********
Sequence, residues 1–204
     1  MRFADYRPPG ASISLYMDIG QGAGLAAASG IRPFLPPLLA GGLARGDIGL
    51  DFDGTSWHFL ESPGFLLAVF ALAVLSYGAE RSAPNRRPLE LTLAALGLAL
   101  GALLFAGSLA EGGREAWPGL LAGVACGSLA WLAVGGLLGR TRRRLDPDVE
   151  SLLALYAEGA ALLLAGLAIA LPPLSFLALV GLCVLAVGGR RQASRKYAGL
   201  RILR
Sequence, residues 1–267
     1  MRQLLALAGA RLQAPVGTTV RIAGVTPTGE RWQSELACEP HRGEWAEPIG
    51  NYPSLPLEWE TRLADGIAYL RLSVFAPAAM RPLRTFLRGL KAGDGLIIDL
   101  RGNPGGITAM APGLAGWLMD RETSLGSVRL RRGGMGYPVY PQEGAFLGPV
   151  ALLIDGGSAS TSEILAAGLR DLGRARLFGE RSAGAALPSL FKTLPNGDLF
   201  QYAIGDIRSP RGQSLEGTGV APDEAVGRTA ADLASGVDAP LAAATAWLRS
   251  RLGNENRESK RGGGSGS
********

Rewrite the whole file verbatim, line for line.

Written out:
Sequence, residues 1–204
     1  MRFADYRPPG ASISLYMDIG QGAGLAAASG IRPFLPPLLA GGLARGDIGL
    51  DFDGTSWHFL ESPGFLLAVF ALAVLSYGAE RSAPNRRPLE LTLAALGLAL
   101  GALLFAGSLA EGGREAWPGL LAGVACGSLA WLAVGGLLGR TRRRLDPDVE
   151  SLLALYAEGA ALLLAGLAIA LPPLSFLALV GLCVLAVGGR RQASRKYAGL
   201  RILR
Sequence, residues 1–267
     1  MRQLLALAGA RLQAPVGTTV RIAGVTPTGE RWQSELACEP HRGEWAEPIG
    51  NYPSLPLEWE TRLADGIAYL RLSVFAPAAM RPLRTFLRGL KAGDGLIIDL
   101  RGNPGGITAM APGLAGWLMD RETSLGSVRL RRGGMGYPVY PQEGAFLGPV
   151  ALLIDGGSAS TSEILAAGLR DLGRARLFGE RSAGAALPSL FKTLPNGDLF
   201  QYAIGDIRSP RGQSLEGTGV APDEAVGRTA ADLASGVDAP LAAATAWLRS
   251  RLGNENRESK RGGGSGS